Paula Roland: The qualities of wax embody metaphors for natural phenomena and life events. Heat and cooling, flow and dispersion, erosion, and light play are a few examples. Through the physical action of slashing, forming, heating, and scraping wax paintings I have found connections between remnants of environmental devastation and scars and imperfections on my own body. Finding deeper connections in the work is inspiring and I will continue to use whatever medium is necessary to that end.
For me there is a magical process of transformation that is achieved with wax that seems almost alchemical. I find that my ideas and intentions are informed by the medium, which keeps my process very open ended and fluid. I am a painter who likes subtraction and erasure so scraping and digging into the wax is a very satisfying process.
Dan Addington: In my paintings, I tend to think of my chosen materials the way sculptors often think of theirs. I’m interested in the qualities and meaning that the pure materials bring to the table. My first paintings with wax addressed issues of mortality. The body has always figured into my work, and the wax has almost always referred to flesh, both revealing and concealing the musculature of the painting’s structure buried beneath.
Krista Svalbonas: Since I work in a variety of mediums the question of media is an important one for me and it certainly factors into my conceptual process. I started working on felt to build connection between modernist architecture’s devotion to industrial, cheap and simple materials as well as drawing a link in color to concrete. With my recent photographic series I used Dibond, a common architectural substrate for signs and renderings. When I started using wax it was really about what the paint would allow me to do in the constraints of an overall conceptual idea. That’s similar to how I’m approaching using oil with my paintings now. Oil is the only paint that allows me to achieve the surface I wanted with the substrate (felt) that I’m using. Things often become a mixture/balance of concept and aesthetics, but I always start off with the idea and move on from there.
Jeff Hirst: In my work, I am drawn to the material density of encaustic…it has substance. The wax density is what first hooked me almost 20 years ago. I like the paradox of the wax being dense yet translucent. Building an image is a big part of my work and wax plays a major role in how I construct images; because the wax sets so fast, I am able to work at a faster tempo. My work moves in a process-oriented path and I am interested in transformations, change, and organic and geometric (architectural influences) co-existing–the wax plays an important role during this process. As an artist who makes prints, I see many overlaps/parallels between working with encaustic and mediums such as intaglio, relief and silkscreen because of the layering nature of both prints and wax.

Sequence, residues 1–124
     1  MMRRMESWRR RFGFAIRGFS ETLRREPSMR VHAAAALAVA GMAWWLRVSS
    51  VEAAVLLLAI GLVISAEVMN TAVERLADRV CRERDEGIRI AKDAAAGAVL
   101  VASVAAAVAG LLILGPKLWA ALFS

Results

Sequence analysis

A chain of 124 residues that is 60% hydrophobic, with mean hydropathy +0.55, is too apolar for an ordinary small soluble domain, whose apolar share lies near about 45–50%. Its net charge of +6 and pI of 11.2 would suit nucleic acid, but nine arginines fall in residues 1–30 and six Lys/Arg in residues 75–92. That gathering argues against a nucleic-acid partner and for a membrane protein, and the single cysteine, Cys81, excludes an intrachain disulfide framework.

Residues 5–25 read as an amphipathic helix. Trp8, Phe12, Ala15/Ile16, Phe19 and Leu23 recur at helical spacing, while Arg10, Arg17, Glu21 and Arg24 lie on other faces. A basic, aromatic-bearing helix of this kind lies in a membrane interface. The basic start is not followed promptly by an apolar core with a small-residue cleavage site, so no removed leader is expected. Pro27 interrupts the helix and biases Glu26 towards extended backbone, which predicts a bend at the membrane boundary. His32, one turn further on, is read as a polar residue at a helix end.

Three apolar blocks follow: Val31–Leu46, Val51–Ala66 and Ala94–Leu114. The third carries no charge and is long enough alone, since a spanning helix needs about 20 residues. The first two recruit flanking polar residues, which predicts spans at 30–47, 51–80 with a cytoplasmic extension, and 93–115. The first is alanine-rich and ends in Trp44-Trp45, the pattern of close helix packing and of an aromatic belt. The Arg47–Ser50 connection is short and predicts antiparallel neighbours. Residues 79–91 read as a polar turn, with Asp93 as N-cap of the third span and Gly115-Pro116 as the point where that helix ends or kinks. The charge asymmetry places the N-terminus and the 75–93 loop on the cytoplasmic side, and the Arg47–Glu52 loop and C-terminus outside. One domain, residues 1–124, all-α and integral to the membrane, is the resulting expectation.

Timothy McDowell: I think what all of you are referring to is vocabulary. Visual vocabulary. As a painter or a printmaker one selects the most appropriate way of creating an image (or an object) and wax, as one choice, has an eloquence and a range. But so do oil, ink and numerous other mark-making substances. As artists, I think we ought to choose the most appropriate tool for the intention we have in mind. That doesn’t always mean the most convenient, maybe sometimes it’s the most conducive to the intention. For me, painting medium is a consumable commodity, not the subject of my painting. It may become a qualifying trademark or a defining method but in my own work, I prefer the image to capture the viewer’s attention. Wax is beautiful, that is why I use it but so are all the other toys in the painter’s box.
Howard Hersh: I think I was initially drawn to encaustic for its texture, but that was quickly replaced with the ability to create atmospheric space. This is a crucial element in any figure/ground work. My Structure paintings, which are done with encaustic, rely heavily on the luminosity of the wax to complete the illusion.
My other work, which is actually 3D, has no need to create an illusion of space, and seems better suited for acrylic.
Leslie Sobel: my work is environmentally focused so the organic physicality of encaustic is important to what I do. Its translucence and materiality let me build work that echoes my content and works so well with collage. I do work with other media when they seem particularly suited to an idea–have used paper, printmaking and both oil and acrylic over the years as well as all matter of drawing materials. Nothing has held me for as long or as deeply as encaustic because of its versatility and materiality.